He scrubs their profiles of identifying detail, and doesn't worry about causing any emotional harm: "I don't think anyone fell in love with the awkward randomness of the chat robot." Hunt said he thinks any anger about his project will stem at least in part from the broader cultural frustration with the way dating works in urban centers today.
"Human connections aren't real anymore," Hunt said. People will be uncomfortable with this possibly because we can't meet people the same way we did a long time ago."It's a hard point to refute.
The results were startling — at times hilarious, at times poignant — and Hunt, who had been uploading them to a private Tumblr, told his bosses, including Steve Stoute, the record executive.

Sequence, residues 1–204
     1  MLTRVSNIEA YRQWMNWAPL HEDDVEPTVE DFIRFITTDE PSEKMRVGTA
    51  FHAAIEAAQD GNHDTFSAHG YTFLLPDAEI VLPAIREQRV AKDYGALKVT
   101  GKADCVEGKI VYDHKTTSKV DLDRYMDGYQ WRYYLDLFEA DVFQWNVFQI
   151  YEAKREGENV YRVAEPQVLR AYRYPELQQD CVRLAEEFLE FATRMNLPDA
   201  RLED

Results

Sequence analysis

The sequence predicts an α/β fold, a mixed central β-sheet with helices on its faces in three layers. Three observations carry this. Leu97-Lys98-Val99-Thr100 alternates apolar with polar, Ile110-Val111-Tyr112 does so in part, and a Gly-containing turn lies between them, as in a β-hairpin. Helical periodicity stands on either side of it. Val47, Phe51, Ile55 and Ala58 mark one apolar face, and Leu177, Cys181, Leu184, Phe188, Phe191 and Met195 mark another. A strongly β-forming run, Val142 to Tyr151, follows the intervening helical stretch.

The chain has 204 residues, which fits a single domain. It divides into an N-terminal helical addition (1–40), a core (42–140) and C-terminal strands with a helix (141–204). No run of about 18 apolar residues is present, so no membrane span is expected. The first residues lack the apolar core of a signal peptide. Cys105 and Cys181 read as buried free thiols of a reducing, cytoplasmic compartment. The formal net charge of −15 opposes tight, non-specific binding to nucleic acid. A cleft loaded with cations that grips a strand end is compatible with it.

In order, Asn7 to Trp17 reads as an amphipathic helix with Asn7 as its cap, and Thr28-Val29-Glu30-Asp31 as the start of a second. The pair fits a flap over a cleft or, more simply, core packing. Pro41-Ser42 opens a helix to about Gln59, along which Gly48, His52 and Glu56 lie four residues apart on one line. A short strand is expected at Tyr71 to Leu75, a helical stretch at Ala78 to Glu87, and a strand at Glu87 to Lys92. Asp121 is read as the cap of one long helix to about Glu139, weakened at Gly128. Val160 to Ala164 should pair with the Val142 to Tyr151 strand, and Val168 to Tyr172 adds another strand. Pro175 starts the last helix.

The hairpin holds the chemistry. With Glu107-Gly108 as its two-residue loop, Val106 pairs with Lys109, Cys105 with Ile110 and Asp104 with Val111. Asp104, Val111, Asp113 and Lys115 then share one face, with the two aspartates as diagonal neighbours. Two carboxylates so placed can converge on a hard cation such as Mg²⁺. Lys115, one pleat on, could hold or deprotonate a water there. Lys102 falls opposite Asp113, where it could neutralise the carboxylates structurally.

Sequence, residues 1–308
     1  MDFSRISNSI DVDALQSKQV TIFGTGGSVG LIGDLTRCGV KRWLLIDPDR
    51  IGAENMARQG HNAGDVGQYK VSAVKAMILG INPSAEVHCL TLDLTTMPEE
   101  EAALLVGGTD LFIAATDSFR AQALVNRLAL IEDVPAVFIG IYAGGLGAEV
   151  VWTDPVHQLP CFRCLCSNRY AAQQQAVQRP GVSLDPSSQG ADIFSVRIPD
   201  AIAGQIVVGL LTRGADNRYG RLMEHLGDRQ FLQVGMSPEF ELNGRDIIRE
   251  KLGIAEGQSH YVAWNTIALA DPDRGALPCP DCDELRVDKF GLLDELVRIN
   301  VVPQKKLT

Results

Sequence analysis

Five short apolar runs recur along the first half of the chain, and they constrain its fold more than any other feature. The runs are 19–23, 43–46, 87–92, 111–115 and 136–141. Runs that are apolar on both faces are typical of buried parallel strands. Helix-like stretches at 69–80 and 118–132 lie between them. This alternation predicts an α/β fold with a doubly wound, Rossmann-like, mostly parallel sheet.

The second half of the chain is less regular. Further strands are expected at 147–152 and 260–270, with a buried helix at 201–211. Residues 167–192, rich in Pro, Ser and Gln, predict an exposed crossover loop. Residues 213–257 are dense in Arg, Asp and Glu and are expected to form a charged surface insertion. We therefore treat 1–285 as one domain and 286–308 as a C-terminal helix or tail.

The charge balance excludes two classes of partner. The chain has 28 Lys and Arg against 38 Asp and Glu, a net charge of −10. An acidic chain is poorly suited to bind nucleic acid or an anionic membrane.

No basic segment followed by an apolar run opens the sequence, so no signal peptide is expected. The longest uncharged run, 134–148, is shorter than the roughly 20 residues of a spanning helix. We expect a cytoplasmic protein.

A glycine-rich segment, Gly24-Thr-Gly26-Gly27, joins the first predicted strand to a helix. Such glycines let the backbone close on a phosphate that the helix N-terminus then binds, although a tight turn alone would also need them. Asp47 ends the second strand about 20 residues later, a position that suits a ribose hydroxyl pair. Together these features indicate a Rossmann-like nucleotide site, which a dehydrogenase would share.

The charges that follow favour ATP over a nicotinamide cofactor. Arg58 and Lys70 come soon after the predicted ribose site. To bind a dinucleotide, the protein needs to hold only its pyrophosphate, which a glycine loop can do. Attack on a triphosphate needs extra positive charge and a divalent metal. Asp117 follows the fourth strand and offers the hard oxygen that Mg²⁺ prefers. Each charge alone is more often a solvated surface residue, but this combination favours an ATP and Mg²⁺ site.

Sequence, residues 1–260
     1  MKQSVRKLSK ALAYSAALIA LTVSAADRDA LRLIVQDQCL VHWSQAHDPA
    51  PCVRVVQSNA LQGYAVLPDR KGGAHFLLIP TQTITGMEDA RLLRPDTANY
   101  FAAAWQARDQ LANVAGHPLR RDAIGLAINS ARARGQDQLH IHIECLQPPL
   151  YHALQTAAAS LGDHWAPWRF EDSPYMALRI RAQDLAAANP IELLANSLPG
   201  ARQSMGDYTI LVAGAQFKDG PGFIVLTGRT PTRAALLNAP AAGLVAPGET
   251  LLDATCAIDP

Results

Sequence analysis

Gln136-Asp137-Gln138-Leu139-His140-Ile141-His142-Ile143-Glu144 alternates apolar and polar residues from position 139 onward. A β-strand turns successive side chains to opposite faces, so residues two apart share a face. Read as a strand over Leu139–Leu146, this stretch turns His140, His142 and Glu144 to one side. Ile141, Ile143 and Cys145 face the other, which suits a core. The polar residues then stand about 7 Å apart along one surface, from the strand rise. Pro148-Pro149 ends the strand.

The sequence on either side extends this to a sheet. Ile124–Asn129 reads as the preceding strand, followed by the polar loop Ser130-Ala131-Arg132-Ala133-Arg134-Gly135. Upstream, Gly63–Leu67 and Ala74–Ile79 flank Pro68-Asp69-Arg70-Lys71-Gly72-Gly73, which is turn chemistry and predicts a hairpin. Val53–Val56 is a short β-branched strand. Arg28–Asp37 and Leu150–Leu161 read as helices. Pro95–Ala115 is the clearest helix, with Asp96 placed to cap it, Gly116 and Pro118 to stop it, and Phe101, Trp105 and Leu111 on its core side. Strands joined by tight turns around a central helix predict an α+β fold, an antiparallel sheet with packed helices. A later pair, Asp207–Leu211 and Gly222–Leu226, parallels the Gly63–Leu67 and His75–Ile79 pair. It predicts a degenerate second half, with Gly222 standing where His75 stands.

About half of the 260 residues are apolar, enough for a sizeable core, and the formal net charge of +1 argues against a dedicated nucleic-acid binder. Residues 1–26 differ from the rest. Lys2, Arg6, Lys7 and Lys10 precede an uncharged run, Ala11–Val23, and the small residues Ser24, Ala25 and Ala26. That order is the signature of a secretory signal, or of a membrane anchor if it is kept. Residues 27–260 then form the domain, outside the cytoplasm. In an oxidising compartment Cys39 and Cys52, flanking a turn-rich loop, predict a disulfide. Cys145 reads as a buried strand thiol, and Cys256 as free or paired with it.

Unlike Ok Cupid, Hunt hasn't notified any of the individuals in his experiment of their participation.Hunt took each one and submitted it to Cleverbot, the artificial intelligence-powered web chatbot that has passed the Turing test, the famous human-fooling standard for AI articulated by the British computer scientist Alan Turing.Hunt fed Chatbot's responses back into Ok Cupid, and kept the conversations going on as long as possible.When Schuyler Hunt moved from Boston to New York for a job four months ago, he did what a lot of young Big Apple transplants do: He signed up for Ok Cupid.
The 28-year-old quickly found online dating in New York to be entirely different from his experiences in Boston and Richmond, Va."I'd never seen anything like it," Hunt said.It's easier to get angry at a website than it is to get at the sum total of chance events in a life.